A new law mandating New Jersey middle schoolers learn the ins and outs of finance has been passed in part thanks to three Black women: Assemblywoman Angela V. McKnight (D), personal finance expert Tiffany "The Budgetnista" Aliche and New Jersey's acting governor Sheila Oliver (D).

According to NJ.com, the law requires all sixth through eighth graders in public schools to take lessons in "sound financial decision-making." Topics of study will include debt, credit cards, investing, saving and budgeting.

McKnight and Aliche were key to the law's success. McKnight co-sponsored the bill, and Aliche lent her expertise to the bill's language. 

After the legislation passed the state Senate with a 38-0 vote and the Assembly with a 78-1 vote, Oliver signed the bill into law Thursday.

“Financial responsibility is an important acquired and learned life skill and with the increasing financial challenges millennials face, it is a skill that must be a necessary part of our educational curriculum," Oliver said.

McKnight told NJSpotlight, “Many young people go into adulthood knowing little about finances and end up making decisions that cost them in the long run. Teaching our kids early about the importance of managing their money and making sound financial decisions can prevent them from making costly mistakes and set them on the right financial path.”

Aliche celebrated the new law on Instagram, where she told the story of how she became involved with it.

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3 years ago, HISTORY was set in motion… Assemblywoman Angela V. McKnight @aswmcknight reached out to me and asked for my help with a financial literacy bill. ⁣⁣⁣ ⁣⁣⁣ That meeting took place at a Starucks in Dec. 2015, and yesterday after years of hard work, committee meetings, follow-ups, social media pushes, and an initial veto by our former Governor, WE HAVE A LAW!⁣⁣⁣ ⁣⁣⁣ Angela is a POWERHOUSE and worked to make sure this day happened despite the many setbacks. ⁣⁣⁣The law takes effect during the next school year, Sept. 2019. Woot woot! –⁣⁣⁣ ⁣⁣⁣ Yesterday was super special because not every bill gets a signing ceremony. I got to see as history was made in Jersey City at President Barack Obama Elementary School when in front of my Mama, friends, children and educators, Acting Governor Sheila Oliver @ltgovoliver signed the A1414 Financial Literacy bill, into LAW, while I watched on, stage. * insert praise dance *⁣⁣⁣ ⁣⁣—-⁣ ⁣⁣⁣ A1414 will mandate that New Jersey middle schoolers (6th through 8th graders) be taught Financial Literacy in a way that won’t disrupt the school day, but rather, add to it. In New Jersey there is already a law in place for high school. ⁣⁣⁣ ⁣⁣⁣ I’ve recently spoken with legislators in Texas and Maryland about bringing a similar law to those states too…Let’s make this a nationwide shift toward change!⁣⁣⁣ —⁣⁣⁣ ⁣⁣⁣ Early financial literacy should be an essential part of every school curriculum, because it's a critical skill needed for success in adulthood. I’m proud that New Jersey took a historic leap forward in helping our children secure a brighter future. ⁣⁣⁣ ⁣⁣⁣ This “Budgetnista Law” is a manifestation of why I started The Budgetnista; to help give people the tools they need to LIVE RICHER lives.⁣⁣⁣ ⁣⁣⁣ ⁣⁣⁣ #TheBudgetnista #DreamCatcherGroupFounder #BudgetnistaLaw⁣⁣⁣ #LIVERICHER ⁣⁣⁣ —⁣⁣⁣ Yesterday’s team:⁣⁣⁣ ⁣⁣⁣ Styled: @Iamstyledbytrace⁣⁣⁣ Face: @artistrybybonnie⁣⁣⁣ Press: @Dreenawhitpr of @whitpr⁣⁣⁣ Video & pics: @jdhuntphotos ⁣⁣⁣ Cheering squad: @rehmainhome and my mommy. 🙂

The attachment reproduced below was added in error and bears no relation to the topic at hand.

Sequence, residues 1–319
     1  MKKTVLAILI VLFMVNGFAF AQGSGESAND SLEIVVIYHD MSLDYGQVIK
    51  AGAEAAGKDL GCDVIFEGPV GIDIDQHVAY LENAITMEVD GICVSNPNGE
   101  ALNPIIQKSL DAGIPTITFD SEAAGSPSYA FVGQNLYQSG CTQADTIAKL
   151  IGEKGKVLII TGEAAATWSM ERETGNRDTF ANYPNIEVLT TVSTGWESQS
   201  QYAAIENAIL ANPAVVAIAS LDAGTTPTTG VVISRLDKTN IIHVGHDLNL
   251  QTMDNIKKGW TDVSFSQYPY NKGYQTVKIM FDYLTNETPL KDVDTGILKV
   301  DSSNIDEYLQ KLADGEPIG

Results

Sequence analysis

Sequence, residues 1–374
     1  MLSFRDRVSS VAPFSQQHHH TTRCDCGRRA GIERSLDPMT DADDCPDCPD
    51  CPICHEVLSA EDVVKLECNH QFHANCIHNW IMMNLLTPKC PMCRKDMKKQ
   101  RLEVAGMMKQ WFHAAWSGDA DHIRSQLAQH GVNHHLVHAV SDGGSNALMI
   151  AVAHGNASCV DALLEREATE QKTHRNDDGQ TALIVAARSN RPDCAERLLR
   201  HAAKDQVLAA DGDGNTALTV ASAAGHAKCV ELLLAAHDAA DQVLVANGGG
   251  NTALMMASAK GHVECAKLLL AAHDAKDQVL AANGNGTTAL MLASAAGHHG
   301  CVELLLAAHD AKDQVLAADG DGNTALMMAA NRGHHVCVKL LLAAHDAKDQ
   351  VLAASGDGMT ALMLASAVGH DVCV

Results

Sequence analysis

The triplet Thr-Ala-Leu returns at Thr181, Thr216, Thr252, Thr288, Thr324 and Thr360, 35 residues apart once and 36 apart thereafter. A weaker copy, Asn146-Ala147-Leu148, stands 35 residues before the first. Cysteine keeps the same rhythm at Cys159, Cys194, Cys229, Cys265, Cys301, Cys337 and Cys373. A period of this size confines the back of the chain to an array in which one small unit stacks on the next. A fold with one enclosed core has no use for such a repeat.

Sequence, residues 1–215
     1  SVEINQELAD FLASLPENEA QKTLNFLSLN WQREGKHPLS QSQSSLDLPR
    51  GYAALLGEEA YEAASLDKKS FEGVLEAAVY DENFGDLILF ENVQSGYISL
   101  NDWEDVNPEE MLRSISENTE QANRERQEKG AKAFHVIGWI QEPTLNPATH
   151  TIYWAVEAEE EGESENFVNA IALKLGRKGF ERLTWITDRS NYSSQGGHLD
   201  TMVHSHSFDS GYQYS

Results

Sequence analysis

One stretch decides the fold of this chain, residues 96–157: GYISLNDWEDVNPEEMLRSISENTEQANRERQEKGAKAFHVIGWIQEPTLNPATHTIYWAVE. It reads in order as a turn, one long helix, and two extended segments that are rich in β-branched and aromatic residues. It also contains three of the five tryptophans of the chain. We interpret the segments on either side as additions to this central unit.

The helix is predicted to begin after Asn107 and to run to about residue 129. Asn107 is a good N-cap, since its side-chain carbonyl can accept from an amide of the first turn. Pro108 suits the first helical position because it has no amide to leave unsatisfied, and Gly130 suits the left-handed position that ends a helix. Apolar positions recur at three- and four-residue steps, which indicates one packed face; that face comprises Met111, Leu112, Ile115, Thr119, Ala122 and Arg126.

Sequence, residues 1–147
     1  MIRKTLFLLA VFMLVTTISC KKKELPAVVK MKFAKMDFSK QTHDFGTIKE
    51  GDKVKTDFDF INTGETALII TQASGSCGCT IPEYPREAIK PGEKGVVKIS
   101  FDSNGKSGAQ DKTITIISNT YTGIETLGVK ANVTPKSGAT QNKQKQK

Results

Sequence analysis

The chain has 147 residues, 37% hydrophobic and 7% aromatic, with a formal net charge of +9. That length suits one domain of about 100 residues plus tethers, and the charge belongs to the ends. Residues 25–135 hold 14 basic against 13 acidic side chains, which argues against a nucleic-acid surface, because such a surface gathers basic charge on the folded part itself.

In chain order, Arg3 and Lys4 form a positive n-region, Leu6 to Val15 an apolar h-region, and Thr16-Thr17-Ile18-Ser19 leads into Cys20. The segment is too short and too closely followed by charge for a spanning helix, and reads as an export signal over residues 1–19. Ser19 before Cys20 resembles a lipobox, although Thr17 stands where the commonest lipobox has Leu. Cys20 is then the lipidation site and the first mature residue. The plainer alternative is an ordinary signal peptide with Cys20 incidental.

A post shared by Tiffany The Budgetnista (@thebudgetnista) on

“Three years ago, history was set in motion," Aliche wrote, "Assemblywoman Angela V. McKnight reached out to me and asked for my help with a financial literacy bill. … Yesterday after after years of hard work, committee meetings, follow-ups, social media pushes, and an initial veto by our former governor, we have a law!"

The  law will go into effect immediately, and the financial literacy classes will begin in the 2019/2020 school year.

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